Address:Soblahov 480 Soblahov 913 38 Company no.: 44690347
According to § 60(1) of Act No 18/2018 on the protection of personal data and amending certain acts (the “personal data protection act”), a data controller must make specific information available on its website to the data subject (the individual whose personal data are processed).Apart from its identification and contact data and the contact data of the data protection officer, the public authority must also make available the information found under the tabs on the left of the screen.
Data protection officer
Contact details of the Office
Office for Personal Data Protection of the Slovak Republic
820 07, Bratislava 27
Company no.: 36 064 220
Monday - Thursday 8:00 - 15:00
Friday 8:00 - 14:00
Telephone consultations concerning personal data protection:
Tuesday and Thursday from 8:00 to 12:00: +421 2 323 132 20
Secretariat of the President of the Office: +421 2 323 132 11
Secretariat of the Office: +421 2 323 132 14
Fax: +421 2 323 132 34
mobile: 0910 985 794
email: [email protected]k
a) general: [email protected]
b) for information according to Act No211/2000: [email protected]
c) website: [email protected]
d) to submit a request for information under Act No 211/2000 on freedom of information, use the online form.
e) email address on which the Office will provide assistance in matters of personal data protection. It is intended for children, youth, students, teachers, and parents who suspect their personal data have been misused: [email protected]
Information about purpose
Information about the purpose for which personal data are processed
One of the principles of processing personal data is purpose limitation.That means personal data may only be collected for specific, explicit and legitimate purposes, and may not be further processed in any manner incompatible with those purposes.
Personal data should be processed in close alignment with the processing purpose, particularly as regards the types or scope of the data necessary for the processing to achieve its intended purpose.Function creep should be avoided (this is where the types or scope of personal data are factitiously or gradually widened beyond their initial purpose).If the purpose and the types of personal data and the extent to which they are processed are defined by law, the law must be complied with. If the controller determines the types of personal data and the extent of their processing, the controller must take care not to unnecessarily widen the purpose beyond that stated extent.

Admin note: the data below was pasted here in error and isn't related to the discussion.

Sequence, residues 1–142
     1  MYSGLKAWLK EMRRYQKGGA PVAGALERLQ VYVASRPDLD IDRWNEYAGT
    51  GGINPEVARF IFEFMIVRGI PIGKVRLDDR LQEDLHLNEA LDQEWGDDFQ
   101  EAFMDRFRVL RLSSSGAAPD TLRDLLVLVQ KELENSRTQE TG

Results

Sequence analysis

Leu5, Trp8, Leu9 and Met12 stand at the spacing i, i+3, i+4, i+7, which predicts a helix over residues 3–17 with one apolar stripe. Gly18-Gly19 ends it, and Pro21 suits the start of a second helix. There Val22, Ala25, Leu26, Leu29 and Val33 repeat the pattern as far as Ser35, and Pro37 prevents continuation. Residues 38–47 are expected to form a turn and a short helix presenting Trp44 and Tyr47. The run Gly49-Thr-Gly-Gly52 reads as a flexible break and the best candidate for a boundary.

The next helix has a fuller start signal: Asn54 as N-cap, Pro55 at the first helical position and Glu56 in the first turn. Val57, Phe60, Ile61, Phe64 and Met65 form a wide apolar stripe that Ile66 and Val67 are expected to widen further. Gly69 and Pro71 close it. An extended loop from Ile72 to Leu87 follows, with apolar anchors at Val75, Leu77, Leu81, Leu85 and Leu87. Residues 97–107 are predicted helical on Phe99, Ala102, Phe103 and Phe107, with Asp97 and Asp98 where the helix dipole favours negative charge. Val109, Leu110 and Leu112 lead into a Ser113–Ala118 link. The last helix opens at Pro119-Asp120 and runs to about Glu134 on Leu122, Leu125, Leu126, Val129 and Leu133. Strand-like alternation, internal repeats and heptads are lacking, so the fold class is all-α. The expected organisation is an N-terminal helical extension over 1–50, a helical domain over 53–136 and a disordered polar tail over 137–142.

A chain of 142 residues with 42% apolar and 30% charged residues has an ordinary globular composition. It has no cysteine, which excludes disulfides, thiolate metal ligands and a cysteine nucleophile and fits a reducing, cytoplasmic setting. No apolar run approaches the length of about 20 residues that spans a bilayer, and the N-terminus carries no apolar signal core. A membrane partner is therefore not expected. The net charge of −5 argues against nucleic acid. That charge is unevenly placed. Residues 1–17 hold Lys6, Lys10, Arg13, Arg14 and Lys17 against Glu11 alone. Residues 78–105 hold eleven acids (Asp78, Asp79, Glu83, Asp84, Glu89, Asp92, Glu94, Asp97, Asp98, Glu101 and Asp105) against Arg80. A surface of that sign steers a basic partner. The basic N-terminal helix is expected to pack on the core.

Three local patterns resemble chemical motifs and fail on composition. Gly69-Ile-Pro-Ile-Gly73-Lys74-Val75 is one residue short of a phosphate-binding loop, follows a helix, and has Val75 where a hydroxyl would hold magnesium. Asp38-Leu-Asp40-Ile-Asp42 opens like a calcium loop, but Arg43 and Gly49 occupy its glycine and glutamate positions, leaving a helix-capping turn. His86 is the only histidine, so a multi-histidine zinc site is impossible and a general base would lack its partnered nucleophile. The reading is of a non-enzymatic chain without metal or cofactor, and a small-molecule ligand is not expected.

The personal data protection act requires controllers to provide information to data subjects about the purpose for which their personal data are processed, even if the personal data are not obtained directly from the data subject concerned.This information must be provided to the data subject at the time their data is collected, or in good time, and the information must be concise, intelligible, and in clear and easy to understand language.
Ask our data protection officers to send you information about the purposes for which personal data are processed.
Rights of the data subject
Right of the data subject to bring proceedings in accordance with § 100 of the personal data protection act
A data subject who suspects that their personal data have been processed unlawfully, or that their data have been misused, may bring data protection proceedings before the Office for Personal Data Protection of the Slovak Republic (the “Office”).
Proceedings may be brought in writing; orally in person for entry on official record; electronically with an advanced electronic signature; or by telegraph or fax (which must then also be made in writing or orally on official record within 3 days).
Pursuant to § 63(2) of the personal data protection act, the complaint must contain:
a) name, surname, permanent address, and signature of the complainant,
b) name of the party against whom the complaint is lodged – business name or name and surname, registered office or permanent residence, and legal form and company identification number, if applicable,
c) subject matter of the complaint, indicating which rights the complainant alleges have been infringed in the processing of personal data,
d) evidence to support the allegations set out in the complaint,
e) where rights may be invoked pursuant to § 28, copy of a document demonstrating that such rights are being invoked, or a statement of reasons meriting special consideration.
The Office will decide on the complaint within 60 days after the complaint was filed; in justifiable cases the Office may reasonably extend this time period, but not by more than 6 months.The Office notifies the parties to the proceedings in writing of that extension.
Sample complaint: https://www.dataprotection.gov.sk/uoou/sites/default/files/kcfinder/files/WEB-vzor_navrhu.pdf